The ghosts that shadow Palmer's party

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November 30, 2012 – 8:06AM

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Tony Moore

Tony Moore senior reporter

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Clive Palmer, Ray Hopper and Carl Judge
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When Clive Palmer invoked the ghosts of the United Australia Party at a media conference on Thursday afternoon, it is not clear that he knew the ghost he was invoking.

The short-lived United Australia Party was formed in 1931 when two upset Labor MPs, treasurer Joseph Lyons and acting prime minister James Fenton, left to form a new political party.

In short, the two disgruntled former Labor MPs formed the United Australia Party with the conservatives and won the 1931 federal election.

Clive Palmer

Clive Palmer Photo: Glenn Hunt

The UAP was the party that the Liberals’ idol, Sir Robert Menzies, led as prime minister from 1939, stepping out of the UAP’s shadow in 1945 to form the Liberal Party of Australia.

Clive Palmer told reporters – semi-seriously – that it was more than a 50 per cent chance that he will launch his own version of the United Australia Party next week.

He told reporters on Thursday his nephew owns the trademark to the name.

Clive Palmer may be thinking that two disgruntled LNP members who on Thursday dramatically quit the LNP – Carl Judge and Alex Douglas – may choose to join his new party.

Is he thinking that 2013 may revisit 1931?

Mr Palmer quit the LNP last week, after being suspended and then reinstated.

On Thursday there were veiled murmurings from Mr Palmer that five other LNP MPs might be nervous – but then he covered that with mumblings that he may have double counted.

Queensland politics and public policy expert Dr Scott Prasser believes Clive Palmer has not thought so carefully about the name United Australia Party.

“The UAP was an attempt to regroup the non-Labor forces, but its big problem was that it was too close to business,” Dr Prasser said.

“That was its big problem. It had business councils that were running it. That was its big hassle. It did not have a very strong branch structure,” Dr Prasser said.

Dr Prasser believes Clive Palmer was thinking colourfully – not specifically – when he mentioned revitalising the United Australia Party.

“He picked the name because it sounds good, the United Australia Party,” he said.

“I can understand why Clive would pick on that name … because it has that appeal.”

Scott Prasser said Queensland has seen in more recent years the formation of other state-based conservative parties – Katter’s Australian Party, Aidan McLindon’s the Queensland Party and One Nation Queensland, which won 11 state seats at the 1998 state election but ultimately dissolved into the City Country Alliance in 1999.

But he said these parties all championed “ultra-nationalism”, which ultimately fades.

Dr Prasser said that this week in state parliament the government reeked of inexperience.

According to Dr Prasser there are 10 lessons the LNP should learn over Christmas.

1: “You have a lot of new people in politics, who are surprised they became members of parliament.”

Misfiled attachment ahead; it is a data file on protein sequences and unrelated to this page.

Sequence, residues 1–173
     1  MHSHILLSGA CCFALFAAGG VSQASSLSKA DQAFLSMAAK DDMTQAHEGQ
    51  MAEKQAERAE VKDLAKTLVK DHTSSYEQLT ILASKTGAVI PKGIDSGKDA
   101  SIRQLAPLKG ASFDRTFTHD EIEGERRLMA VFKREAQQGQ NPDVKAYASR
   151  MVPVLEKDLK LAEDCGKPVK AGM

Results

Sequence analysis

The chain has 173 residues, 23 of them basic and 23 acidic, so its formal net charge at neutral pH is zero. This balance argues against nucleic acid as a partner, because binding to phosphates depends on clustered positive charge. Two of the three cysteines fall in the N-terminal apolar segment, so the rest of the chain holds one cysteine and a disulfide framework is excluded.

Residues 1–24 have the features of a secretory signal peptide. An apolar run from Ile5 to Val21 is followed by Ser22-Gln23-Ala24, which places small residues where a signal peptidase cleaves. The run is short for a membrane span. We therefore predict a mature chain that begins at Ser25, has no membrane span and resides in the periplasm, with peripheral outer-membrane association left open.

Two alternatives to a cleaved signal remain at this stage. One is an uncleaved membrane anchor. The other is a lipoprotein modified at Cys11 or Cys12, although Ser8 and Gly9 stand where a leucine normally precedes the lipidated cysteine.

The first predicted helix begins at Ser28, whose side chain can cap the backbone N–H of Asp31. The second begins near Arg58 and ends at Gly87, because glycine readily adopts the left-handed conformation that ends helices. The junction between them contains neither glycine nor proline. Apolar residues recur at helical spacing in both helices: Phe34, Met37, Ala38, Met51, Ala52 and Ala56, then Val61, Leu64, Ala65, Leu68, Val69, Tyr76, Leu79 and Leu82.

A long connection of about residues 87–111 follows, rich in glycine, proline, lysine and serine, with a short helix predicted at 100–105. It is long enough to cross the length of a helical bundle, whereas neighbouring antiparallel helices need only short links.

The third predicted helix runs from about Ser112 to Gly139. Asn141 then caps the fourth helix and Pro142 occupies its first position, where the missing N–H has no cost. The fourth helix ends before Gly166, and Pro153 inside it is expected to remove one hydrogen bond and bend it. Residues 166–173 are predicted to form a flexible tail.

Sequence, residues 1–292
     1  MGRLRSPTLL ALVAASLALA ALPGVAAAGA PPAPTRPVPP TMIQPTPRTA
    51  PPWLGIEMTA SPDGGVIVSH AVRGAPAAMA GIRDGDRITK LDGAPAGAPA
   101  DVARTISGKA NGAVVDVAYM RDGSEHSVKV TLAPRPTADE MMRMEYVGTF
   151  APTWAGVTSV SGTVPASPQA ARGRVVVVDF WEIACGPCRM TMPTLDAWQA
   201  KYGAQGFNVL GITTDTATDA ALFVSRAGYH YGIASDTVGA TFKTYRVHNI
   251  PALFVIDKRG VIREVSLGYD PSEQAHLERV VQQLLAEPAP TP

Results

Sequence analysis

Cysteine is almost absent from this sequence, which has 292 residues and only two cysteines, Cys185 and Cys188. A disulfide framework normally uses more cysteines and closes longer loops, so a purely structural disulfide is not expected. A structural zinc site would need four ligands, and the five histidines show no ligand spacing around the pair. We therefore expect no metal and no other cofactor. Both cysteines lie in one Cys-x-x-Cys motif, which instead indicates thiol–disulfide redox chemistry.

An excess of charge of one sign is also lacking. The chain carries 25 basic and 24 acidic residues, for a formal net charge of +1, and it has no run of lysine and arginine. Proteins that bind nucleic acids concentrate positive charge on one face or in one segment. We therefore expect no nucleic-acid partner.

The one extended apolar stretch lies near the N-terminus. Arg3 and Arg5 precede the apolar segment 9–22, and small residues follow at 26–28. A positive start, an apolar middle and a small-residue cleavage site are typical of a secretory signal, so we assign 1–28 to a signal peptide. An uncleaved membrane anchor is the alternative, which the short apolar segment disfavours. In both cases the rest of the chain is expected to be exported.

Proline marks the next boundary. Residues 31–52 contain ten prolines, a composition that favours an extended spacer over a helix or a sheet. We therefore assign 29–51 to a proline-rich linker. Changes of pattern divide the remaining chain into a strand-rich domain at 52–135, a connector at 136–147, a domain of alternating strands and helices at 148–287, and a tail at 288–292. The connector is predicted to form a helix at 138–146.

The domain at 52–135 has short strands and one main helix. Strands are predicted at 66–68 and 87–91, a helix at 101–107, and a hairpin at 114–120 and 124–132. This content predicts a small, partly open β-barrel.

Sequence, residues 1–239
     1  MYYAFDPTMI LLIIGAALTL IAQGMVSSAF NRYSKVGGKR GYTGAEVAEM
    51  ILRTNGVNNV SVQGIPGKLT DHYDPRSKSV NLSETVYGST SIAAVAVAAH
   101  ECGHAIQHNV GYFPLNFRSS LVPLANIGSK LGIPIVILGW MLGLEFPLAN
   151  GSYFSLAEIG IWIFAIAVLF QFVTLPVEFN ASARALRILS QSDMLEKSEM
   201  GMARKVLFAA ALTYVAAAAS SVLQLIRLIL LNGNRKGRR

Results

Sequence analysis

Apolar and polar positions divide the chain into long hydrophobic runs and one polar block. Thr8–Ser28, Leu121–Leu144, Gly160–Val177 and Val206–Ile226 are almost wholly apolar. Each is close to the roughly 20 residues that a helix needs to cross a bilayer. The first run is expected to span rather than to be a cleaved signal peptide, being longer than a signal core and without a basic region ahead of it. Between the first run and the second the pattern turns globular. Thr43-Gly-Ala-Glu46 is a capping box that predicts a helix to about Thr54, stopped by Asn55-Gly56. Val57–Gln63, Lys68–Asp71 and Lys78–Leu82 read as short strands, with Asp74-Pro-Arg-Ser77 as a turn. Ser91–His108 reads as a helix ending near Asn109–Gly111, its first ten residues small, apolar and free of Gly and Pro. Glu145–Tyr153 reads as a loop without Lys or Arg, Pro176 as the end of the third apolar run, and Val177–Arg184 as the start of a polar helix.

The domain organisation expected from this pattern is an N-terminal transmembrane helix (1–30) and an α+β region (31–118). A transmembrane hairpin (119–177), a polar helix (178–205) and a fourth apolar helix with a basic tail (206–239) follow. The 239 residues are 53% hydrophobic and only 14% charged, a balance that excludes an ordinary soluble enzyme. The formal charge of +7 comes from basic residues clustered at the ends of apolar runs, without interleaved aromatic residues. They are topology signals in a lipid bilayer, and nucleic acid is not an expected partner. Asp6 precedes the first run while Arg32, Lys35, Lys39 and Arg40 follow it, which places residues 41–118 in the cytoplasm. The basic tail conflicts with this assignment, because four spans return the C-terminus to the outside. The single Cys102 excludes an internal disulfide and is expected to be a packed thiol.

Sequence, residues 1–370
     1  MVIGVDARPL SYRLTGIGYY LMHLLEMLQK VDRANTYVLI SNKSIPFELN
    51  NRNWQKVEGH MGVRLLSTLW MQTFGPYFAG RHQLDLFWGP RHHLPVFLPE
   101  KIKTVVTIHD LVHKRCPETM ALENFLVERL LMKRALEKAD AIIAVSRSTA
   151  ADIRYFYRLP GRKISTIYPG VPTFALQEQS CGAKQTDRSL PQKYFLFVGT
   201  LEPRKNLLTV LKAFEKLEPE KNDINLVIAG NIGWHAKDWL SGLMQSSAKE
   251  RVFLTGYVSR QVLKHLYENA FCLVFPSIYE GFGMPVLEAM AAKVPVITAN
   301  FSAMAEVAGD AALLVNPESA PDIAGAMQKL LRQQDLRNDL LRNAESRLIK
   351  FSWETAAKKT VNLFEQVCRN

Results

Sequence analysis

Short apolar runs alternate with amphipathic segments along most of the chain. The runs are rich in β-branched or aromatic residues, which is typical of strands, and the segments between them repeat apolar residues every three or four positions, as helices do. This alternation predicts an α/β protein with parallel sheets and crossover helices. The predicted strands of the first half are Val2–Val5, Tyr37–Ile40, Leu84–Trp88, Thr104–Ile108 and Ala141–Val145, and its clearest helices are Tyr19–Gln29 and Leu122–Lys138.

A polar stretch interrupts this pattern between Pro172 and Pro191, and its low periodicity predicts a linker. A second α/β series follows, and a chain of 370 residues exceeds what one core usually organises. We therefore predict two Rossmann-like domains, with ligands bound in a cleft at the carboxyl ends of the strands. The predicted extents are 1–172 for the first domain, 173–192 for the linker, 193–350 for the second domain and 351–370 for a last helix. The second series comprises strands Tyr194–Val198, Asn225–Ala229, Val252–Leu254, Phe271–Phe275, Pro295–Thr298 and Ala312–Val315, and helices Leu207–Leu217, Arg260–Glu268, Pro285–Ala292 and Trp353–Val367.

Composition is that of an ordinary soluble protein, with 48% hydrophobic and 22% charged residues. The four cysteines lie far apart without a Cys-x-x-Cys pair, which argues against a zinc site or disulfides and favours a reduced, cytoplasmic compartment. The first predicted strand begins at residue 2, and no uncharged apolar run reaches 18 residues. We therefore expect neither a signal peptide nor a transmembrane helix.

2: “Political parties have been in decline for years. Fewer people join political parties. So you have a lot of people who don’t know what a Liberal Party – for example – really stands for.”

3: “You have a lot of backbenchers and one-third of those backbenchers are going to lose their seats at the next election. They are ‘oncers’, but they need to be managed.”

4: “You have a ‘top-down’ leader, whose military background is one where he is used to people following orders.”

5: “You have a very inexperienced government. Very few people are actually experienced in running the government, not withstanding Campbell’s experience in running Brisbane.”

6: “They stuffed up the public service and caused immense dislocation. I was on some forums with them and my advice to them was to trim it down – you could do that easily – without having to put it into deep-freeze. But the whole place came to a complete standstill.”

7: “Overlaying that is the dynamics between the Liberal Party component and the National Party component and the organisational wing and the parliamentary wings.”

“The National Party rump would always emerge somewhere from the amalgamation (LNP) – that’s Katter’s Australia Party.

“That has emerged. And Katter’s Australia Party will never be a major force in Queensland, because Queensland is different now. It is highly urbanised. Seventy per cent of the economy is in south-east Queensland, and that is where most people live. And those people do not connect with Katter’s Australia Party.”

8: “You have egos and personalities all over the place. And those egos and personalities are walking all over the place, trying to score points from people.”

9: “And then you have Campbell Newman just misjudging how to manage things. Being in opposition is different to being in government. You have to learn to govern.”

10: Learn from this week’s three mistakes.

“The Ray Hopper issue should have been managed better – discuss things and take him out to dinner.”

“The pledge issue – that is unprecedented in non-Labor politics.”

“The public service is now increasingly politicised. Once upon a time, experienced public service heads would say that’s a bad idea. Nowadays, you have just no restraint from the public service.”

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